Inside of every fortress, there is a crown jewel that is the hidden secret. That treasure box is the company's strongest source of differentiation, but when interrupted, the power of the repeatable model becomes an ominous signal. So when that treasure is jeopardized, it implies that risk is elevated and the company's stamina is considerably muted.

Alternatively, companies that continued to pay and increase dividends - even in the worst of conditions - succeeded because they were able to effectively defend against risk. Because of their strong sources of differentiation, they were able to defy the odds and sustain over time and through constant change. In other words, these 11 REITs had wider moats, and they were able to defend against that strongest source of differentiation called the dividend.

The Widest-Moat REIT

Many of you know that I research many U.S. Equity REITs, and it's likely that I have written articles on all of the 11 REITs mentioned above. In fact, you can read recent articles I have written on Realty Income (here), HCP, Inc. (here), Tanger Factory Outlets (here), W.P. Carey (here), and Omega Healthcare Investors (here). To be fair, there a few REITs that I consider "fortress" brands that did not increase their dividend (for one year), but they didn't cut either. Ventas, Inc. (NYSE:VTR) and Taubman Centers (NYSE:TCO) are among the few left standing.

As I consider my selection for the REIT with the widest moat, I must reflect on the price paid for the subject security. As a true value investor, it's absolutely essential that I not only buy the best REIT brands, but I must also buy them with a margin of safety that provides added assurance that the company will survive even in tough economic times, such as the last recession.

In absolute terms, I must buy REIT stocks with the most consistent profit margins, but I must also pay very close attention to the price I'm paying. In essence, by investing in securities that have a high margin of safety, I'm building an investment moat that protects my nest egg from temporary market declines. Value investing (buying earnings on the cheap) is the most reliable way to grow your nest egg, and in the words of the legendary Benjamin Graham:

The defensive investor must confine himself to the shares of important companies with a long record of profitable operations and in strong financial condition.

So here's the list of 13 "fortress" REIT brands, all characterized by an extraordinary record of consistent dividend payments. There REITs are ranked based on the highest to lowest P/FFO multiples:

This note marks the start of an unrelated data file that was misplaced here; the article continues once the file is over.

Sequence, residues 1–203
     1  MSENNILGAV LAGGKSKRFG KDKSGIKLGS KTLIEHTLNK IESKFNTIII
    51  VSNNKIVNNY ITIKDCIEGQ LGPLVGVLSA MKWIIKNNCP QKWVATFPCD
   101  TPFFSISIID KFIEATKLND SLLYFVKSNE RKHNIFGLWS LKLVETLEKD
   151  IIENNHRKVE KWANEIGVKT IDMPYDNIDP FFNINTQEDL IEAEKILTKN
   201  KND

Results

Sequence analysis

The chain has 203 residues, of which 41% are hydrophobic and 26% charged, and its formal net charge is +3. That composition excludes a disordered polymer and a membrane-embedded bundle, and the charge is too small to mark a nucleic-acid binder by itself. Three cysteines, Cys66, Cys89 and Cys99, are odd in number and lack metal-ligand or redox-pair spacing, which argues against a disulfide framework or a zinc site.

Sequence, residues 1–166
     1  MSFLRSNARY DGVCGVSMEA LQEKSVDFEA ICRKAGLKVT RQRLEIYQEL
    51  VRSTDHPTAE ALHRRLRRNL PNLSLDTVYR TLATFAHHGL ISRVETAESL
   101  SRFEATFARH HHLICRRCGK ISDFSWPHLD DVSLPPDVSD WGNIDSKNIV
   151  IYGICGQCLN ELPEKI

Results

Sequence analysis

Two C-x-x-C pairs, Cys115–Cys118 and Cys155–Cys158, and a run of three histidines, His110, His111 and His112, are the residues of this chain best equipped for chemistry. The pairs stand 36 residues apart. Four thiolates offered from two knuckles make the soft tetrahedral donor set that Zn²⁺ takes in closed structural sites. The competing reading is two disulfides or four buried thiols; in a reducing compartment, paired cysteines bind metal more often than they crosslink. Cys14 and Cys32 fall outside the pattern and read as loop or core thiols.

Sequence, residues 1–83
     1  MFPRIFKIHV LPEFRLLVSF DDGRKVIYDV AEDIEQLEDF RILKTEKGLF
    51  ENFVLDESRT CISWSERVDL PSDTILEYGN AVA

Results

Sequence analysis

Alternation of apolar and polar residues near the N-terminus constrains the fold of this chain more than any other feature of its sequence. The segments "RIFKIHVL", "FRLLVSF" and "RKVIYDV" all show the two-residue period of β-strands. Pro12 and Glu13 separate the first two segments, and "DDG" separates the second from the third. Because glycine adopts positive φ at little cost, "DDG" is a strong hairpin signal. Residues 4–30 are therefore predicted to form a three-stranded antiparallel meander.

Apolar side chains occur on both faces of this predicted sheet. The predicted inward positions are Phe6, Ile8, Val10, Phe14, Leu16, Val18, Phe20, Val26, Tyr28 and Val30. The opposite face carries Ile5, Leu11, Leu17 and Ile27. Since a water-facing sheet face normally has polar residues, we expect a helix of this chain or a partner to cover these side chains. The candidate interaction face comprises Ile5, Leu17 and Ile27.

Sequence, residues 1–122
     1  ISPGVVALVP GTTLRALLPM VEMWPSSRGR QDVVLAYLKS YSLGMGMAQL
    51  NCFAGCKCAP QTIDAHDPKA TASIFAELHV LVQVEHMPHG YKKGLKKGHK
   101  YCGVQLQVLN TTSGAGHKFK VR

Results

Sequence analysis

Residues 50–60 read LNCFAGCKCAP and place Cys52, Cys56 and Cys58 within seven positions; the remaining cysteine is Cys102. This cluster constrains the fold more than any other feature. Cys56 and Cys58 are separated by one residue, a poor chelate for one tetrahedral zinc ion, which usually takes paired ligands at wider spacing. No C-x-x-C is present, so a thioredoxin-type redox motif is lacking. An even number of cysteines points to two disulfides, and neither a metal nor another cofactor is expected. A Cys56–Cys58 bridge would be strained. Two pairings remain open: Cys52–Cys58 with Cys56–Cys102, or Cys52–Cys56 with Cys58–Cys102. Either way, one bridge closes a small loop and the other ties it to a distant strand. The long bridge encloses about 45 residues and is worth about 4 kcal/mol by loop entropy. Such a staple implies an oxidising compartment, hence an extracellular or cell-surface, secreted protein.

(click to enlarge)

As you can see, Omega Healthcare Investors has the lowest P/FFO multiple, however, as illustrated by the FAST Graph below, the "pure play" skilled nursing landlord is trading at fair value, not necessarily cheap. Omega closed at $34.86, and in my recent article, I recommended an entry price at $30.00 - no "wide moat" here.

A few days ago, I wrote an article on HCP, Inc., and as I explained, "I'm ready to get back in the game". I'm getting more confident with the new CEO, and now I'm ready to "reconnect with HCP and start rebuilding trust". Of course, regardless of the management changes, HCP has continued to build trust, as evidenced by the company's exceptional track record of dividend payments (29 years of consecutive dividends paid - the only REIT in the S&P 500 Dividend Aristocrat index).

As illustrated below, HCP is trading at an attractive valuation, and I consider this a REIT that I can buy with a "wide moat". For someone ready to put their money to work today, I consider HCP to be a good buy (not a bargain) and I believe the dividend (yield is 5.36%) safe. This company has consistently generated durable income for almost 3 decades, and even in the most difficult times, shareholders were never ignored.

The most important treasure (the dividend) is locked away inside the fortress, and I consider the most imminent threat (rising rates) to be muted based upon the substantial moat that surrounds the security. In summary, HCP's track record of paying out dependable dividends is the power behind the moat and the reason an investor in the fortress brand should find added comfort and "sleep well at night".

For more information on "wide-moat" REITs, check out my monthly newsletter HERE.

Source: SNL Financial and FAST Graphs.

Disclaimer: This article is intended to provide information to interested parties. As I have no knowledge of individual investor circumstances, goals, and/or portfolio concentration or diversification, readers are expected to complete their own due diligence before purchasing any stocks mentioned or recommended.

Source: The REIT Way To Invest In A Wide Moat Of Dividend Repeatability